Michigan Emergency Powers Challenge by Pension Boards Dismissed by Judge
A federal judge dismissed a lawsuit seeking to overturn a Michigan statute giving emergency powers to state-appointed financial managers, saying the law wasn’t ready for a legal challenge.
The Detroit workers’ pension boards, which sued in April, asked the federal court in Detroit to declare the law unconstitutional and block it from taking effect. The law, which lets managers terminate employee contracts and suspend collective bargaining, was signed by Michigan Governor Rick Snyder in March.
U.S. District Judge Sean F. Cox said the issues in the case weren’t “ripe” for consideration. The emergency powers wouldn’t be triggered unless multiple events occurred, including written notice by the state treasurer to the city of Detroit, a preliminary review, and a finding that a pension fund is underfunded, Cox said.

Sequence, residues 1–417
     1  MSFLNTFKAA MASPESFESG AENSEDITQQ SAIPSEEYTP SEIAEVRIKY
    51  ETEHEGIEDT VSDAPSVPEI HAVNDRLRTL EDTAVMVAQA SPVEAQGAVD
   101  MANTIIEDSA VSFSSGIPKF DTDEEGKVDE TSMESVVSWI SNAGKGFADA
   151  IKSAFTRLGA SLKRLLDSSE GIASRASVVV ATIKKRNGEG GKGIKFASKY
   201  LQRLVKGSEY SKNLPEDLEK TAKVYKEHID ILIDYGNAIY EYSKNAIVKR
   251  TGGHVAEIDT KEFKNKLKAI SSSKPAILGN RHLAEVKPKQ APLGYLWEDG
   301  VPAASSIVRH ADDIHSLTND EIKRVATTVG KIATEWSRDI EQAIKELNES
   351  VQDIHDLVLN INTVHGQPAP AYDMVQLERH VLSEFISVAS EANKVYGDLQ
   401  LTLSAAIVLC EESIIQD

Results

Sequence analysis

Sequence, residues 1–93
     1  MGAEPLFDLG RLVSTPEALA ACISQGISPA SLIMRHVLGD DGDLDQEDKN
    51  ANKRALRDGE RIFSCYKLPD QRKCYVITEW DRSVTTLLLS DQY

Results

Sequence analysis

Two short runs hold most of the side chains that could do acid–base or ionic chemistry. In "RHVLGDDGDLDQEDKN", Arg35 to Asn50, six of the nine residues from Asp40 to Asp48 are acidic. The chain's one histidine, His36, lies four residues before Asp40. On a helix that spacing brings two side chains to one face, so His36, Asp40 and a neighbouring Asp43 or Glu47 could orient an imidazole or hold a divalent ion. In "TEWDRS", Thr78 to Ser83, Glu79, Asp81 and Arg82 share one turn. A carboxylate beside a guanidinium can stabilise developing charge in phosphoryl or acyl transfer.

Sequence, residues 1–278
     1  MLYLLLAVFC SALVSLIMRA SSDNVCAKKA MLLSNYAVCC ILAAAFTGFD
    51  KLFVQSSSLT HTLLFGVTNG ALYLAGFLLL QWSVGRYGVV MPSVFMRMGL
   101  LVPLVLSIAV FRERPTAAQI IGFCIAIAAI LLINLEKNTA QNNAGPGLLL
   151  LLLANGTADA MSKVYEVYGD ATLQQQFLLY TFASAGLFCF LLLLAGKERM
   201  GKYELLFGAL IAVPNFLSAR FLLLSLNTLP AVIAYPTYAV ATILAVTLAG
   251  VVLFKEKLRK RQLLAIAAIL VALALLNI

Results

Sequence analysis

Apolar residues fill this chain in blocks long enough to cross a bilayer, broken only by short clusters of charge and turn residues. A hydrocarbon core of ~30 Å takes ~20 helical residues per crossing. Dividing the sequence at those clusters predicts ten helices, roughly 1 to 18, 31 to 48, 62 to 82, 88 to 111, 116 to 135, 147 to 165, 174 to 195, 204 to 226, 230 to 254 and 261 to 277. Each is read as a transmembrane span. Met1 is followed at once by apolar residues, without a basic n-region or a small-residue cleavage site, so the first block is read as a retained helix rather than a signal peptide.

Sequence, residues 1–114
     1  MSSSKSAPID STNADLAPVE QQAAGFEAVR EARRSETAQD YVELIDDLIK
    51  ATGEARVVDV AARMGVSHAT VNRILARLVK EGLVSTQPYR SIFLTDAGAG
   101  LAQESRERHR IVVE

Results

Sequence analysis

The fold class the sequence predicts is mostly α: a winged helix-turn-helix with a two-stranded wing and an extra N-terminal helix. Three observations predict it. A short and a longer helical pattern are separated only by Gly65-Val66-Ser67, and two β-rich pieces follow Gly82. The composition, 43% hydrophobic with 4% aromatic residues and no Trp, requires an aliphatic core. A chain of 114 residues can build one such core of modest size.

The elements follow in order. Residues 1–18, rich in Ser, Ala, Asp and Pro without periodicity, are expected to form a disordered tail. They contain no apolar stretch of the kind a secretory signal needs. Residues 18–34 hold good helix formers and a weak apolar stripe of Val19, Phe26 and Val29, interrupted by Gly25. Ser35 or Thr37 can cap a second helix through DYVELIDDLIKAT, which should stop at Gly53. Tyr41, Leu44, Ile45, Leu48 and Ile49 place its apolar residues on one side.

“The action is not ripe for review because not only have the above multistep processes that could potentially lead to the use of the powers of Section 19(1)(m) not been completed, they have not even begun,” Cox said in his 20-page ruling yesterday.
The pension boards argued in court papers that they would “suffer significant hardship” if the law wasn’t erased. They raised the possibility in their complaint that Detroit’s retirement systems could be seized.
“Plaintiffs have been subjected to nearly constant threats of appointment of an emergency manager and the exercise of the czar-like powers granted under the act if they do not capitulate and fully agree to all of the demands of the mayor” of Detroit, they said in a July filing.
Ronald King, attorney for the pension boards, didn’t immediately return a call for comment on ruling.
The pension boards are the General Retirement System of the City of Detroit and the Police and Fire Retirement System of Detroit.
The case is General Retirement System of the City of Detroit v. Snyder, 2:11-cv-11686, U.S. District Court, Eastern District of Michigan (Detroit).
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